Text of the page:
Rules For Religious Discussions
“But sanctify Christ as Lord in your hearts, always being ready to make a defense to everyone who asks you to give an account for the hope that is in you, yet with gentleness and reverence” (I Peter 3:15).
It is incumbent upon all Christians to be ready to teach others. There are many potential ways to do this. The passage above describes teaching that is done in the course of a discussion – someone “asks you.” These discussions take place in different environments – friendly or hostile, public or private, in person or online, etc. How do we make the best use of our opportunities to discuss the Scriptures with others?
On one hand, we are to “contend earnestly” (Jude 3); on the other hand we must speak “the truth in love” (Ephesians 4:15). We are to “demolish arguments” (II Corinthians 10:5, NIV), but “must not be quarrelsome” (II Timothy 2:24). How do we strike the right balance? We do so by remembering some rules for religious discussions.
Be Willing to Defend the Truth
Paul, as an apostle, was “appointed for the defense of the gospel” (Philippians 1:16). All Christians must be “ready to make a defense” as well (I Peter 3:15). God does not force us to do anything. In every part of our lives, we have a choice to do what He expects us to do or not. Anytime we have an opportunity to defend the truth in a religious discussion, we have a choice to be silent, to defend the truth the wrong way, or to defend the truth the right way.
Speak the Truth in Love
Choosing to speak in defense of the truth is essential, but it must be done with the right attitude. Paul said we are to be “speaking the truth in love” (Ephesians 4:15). This means we speak with love for God since our teaching glorifies Him (I Peter 4:11), with love for the truth by teaching all of God’s word (Acts 20:27) without additions or subtractions (Revelation 22:18-19), and love for the souls of men that they might know the truth and be saved (I Timothy 2:4).
Always Appeal to the Scripture
We are to “speak as the oracles of God” (I Peter 4:11, KJV). This means we speak the very words of God. To lead people to faith, we must make our appeal to the source of faith – the word of God (Romans 10:17). If people are going to believe our message, they must recognize it as being from God. Paul was thankful that the brethren in Thessalonica “received the word of God…not as the word of men, but for what it really is, the word of God” (1 Thessalonians 2:13). We need to cite book, chapter, and verse for our statements; not “I think,” or “I feel, or “Our preacher says…” Of course, to do this, we must be familiar with the Scriptures, which necessitates study on our part (II Timothy 2:15).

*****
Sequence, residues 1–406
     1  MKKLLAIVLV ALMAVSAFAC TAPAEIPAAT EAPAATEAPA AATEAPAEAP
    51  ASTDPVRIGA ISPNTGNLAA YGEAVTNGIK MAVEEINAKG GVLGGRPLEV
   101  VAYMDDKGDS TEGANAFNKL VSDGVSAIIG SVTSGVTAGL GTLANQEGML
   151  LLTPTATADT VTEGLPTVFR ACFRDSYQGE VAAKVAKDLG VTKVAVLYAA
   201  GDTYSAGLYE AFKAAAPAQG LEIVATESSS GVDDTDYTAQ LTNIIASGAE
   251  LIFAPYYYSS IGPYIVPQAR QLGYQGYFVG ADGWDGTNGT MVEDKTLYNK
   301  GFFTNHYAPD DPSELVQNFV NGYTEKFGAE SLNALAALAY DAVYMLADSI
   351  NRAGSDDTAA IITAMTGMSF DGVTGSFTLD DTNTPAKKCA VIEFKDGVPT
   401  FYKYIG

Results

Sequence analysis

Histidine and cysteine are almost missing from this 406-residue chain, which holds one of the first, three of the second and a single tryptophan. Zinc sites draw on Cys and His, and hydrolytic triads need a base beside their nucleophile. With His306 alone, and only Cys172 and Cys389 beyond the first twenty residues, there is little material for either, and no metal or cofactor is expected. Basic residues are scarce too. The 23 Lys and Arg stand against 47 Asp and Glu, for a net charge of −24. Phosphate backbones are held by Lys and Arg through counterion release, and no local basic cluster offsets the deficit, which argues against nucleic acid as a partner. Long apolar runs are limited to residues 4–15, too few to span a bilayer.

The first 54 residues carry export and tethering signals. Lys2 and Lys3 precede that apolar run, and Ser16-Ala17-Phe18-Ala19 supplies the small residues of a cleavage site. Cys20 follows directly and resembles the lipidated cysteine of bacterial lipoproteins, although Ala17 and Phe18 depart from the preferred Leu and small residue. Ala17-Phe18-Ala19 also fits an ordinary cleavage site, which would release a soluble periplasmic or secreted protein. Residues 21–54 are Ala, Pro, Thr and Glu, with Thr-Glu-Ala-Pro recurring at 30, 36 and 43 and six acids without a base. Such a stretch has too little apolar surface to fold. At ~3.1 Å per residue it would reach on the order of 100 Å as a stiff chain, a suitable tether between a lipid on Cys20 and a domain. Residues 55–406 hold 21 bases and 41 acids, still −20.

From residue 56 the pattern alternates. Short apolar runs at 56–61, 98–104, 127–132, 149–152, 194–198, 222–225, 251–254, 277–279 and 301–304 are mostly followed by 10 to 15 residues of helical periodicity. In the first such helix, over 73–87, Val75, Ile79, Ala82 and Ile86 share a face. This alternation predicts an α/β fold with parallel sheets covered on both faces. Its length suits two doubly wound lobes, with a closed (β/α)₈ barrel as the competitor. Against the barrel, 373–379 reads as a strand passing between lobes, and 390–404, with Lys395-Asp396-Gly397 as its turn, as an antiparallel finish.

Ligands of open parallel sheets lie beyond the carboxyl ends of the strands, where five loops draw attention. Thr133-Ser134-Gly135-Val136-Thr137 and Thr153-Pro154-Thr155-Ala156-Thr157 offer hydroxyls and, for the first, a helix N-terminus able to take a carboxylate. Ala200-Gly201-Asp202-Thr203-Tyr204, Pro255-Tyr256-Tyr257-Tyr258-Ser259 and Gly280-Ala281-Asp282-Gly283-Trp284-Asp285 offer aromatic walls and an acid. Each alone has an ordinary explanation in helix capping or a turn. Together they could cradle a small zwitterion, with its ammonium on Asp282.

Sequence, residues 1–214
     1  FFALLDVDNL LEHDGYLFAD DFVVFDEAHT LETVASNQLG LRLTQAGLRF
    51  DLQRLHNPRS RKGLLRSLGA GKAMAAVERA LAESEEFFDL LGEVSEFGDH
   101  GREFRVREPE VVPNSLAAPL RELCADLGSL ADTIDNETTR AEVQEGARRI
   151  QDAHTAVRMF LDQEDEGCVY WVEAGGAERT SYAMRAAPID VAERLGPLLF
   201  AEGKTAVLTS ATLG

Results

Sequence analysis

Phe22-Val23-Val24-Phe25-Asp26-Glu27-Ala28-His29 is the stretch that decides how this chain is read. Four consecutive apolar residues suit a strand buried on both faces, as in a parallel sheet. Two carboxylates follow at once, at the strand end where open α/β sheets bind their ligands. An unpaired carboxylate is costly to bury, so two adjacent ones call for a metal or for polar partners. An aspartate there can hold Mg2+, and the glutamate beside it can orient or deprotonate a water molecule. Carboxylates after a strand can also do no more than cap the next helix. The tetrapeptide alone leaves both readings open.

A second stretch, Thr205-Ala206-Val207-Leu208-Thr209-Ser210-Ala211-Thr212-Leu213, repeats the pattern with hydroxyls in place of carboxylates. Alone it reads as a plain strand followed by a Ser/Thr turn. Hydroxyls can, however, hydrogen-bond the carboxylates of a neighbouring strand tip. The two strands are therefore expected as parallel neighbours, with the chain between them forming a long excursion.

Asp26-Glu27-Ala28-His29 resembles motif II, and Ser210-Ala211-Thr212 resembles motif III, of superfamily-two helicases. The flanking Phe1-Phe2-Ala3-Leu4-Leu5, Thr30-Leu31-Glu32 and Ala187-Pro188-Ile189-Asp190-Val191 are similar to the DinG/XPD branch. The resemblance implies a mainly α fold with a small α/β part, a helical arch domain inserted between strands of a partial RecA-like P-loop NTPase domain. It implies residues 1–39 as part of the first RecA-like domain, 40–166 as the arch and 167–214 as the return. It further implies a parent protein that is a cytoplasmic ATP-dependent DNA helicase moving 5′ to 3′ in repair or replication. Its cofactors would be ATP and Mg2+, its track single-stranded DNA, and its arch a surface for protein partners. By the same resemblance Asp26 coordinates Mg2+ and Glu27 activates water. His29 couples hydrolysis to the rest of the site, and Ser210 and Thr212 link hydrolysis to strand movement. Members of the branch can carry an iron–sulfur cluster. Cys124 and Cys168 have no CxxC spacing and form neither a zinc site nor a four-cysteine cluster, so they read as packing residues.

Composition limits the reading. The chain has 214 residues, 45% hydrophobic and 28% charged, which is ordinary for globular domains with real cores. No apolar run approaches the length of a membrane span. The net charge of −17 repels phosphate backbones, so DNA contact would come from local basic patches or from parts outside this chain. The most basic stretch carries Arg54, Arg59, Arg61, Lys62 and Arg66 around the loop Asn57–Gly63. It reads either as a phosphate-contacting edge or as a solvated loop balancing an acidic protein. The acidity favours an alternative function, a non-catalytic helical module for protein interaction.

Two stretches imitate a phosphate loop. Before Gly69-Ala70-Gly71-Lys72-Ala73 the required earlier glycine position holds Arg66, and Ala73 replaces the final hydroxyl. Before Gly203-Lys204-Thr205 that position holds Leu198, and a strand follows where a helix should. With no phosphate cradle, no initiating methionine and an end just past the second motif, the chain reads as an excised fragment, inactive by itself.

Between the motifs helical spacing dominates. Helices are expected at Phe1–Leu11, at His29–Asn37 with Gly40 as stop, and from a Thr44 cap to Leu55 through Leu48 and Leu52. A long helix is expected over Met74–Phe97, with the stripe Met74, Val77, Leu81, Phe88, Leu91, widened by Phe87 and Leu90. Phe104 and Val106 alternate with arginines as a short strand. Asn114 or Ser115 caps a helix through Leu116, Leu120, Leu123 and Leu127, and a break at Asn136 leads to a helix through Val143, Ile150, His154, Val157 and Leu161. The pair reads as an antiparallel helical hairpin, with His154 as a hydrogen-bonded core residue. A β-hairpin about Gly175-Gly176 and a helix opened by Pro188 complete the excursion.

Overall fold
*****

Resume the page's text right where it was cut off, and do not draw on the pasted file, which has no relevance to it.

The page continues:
Build upon Common Ground
For most of the people we will have discussions with, we will agree with them on something. We should take advantage of that common ground and use it as a foundation for further teaching. Paul used common ground as a foundation when he taught. In Thessalonica, he taught the Jews in the synagogue and built upon the common ground of belief in the inspiration of the Old Testament (Acts 17:2-3). In Athens, he taught the Gentiles on Mars Hill and built upon the common ground of the importance of being religious (Acts 17:22-23). He even quoted their poets (Acts 17:28) to reinforce his point that all men came from God. When we have discussions with people, we need to try to find common ground – belief in God, inspiration of the Bible, the need for authority, the simplicity of New Testament Christianity, basic principles of morality, etc. – and build upon it.
Do Not Be Quarrelsome
Paul told Timothy, “The Lord’s bond-servant must not be quarrelsome, but be kind to all, able to teach, patient when wronged” (II Timothy 2:24). Of course, this does not mean we cannot contend for the faith (Jude 3) or refute error (Titus 1:9). But when we fight against error, we are to fight fair. We must not resort to personal attacks (Jude 8-9). We are to tear down faulty arguments – “destroying speculations” – not people (II Corinthians 10:5). We do not need the last word, but should simply “reject a factious man after a first and second warning” (Titus 3:10); otherwise, we could get caught up in useless and unending arguments. We must use the weapon that God provided – “the sword of the Spirit, which is the word of God” (Ephesians 6:17).
Do Not Take Personal Offense
When we try to teach people, they may not listen. Some will argue. There will be those who reject or oppose what we say. When this happens, it is easy to take it personally; yet we must guard against this. Jesus said, “The one who listens to you listens to Me, and the one who rejects you rejects Me; and he who rejects Me rejects the One who sent Me” (Luke 10:16). Instead of taking personal offense when people reject Christ, we simply need to shake the dust off of our feet and move on (Luke 10:10-11).
The only way people can be saved is through the gospel – “the power of God for salvation” (Romans 1:16). So we should take advantage of opportunities to engage people in religious discussions. As we do so, let’s be careful to do it the right way.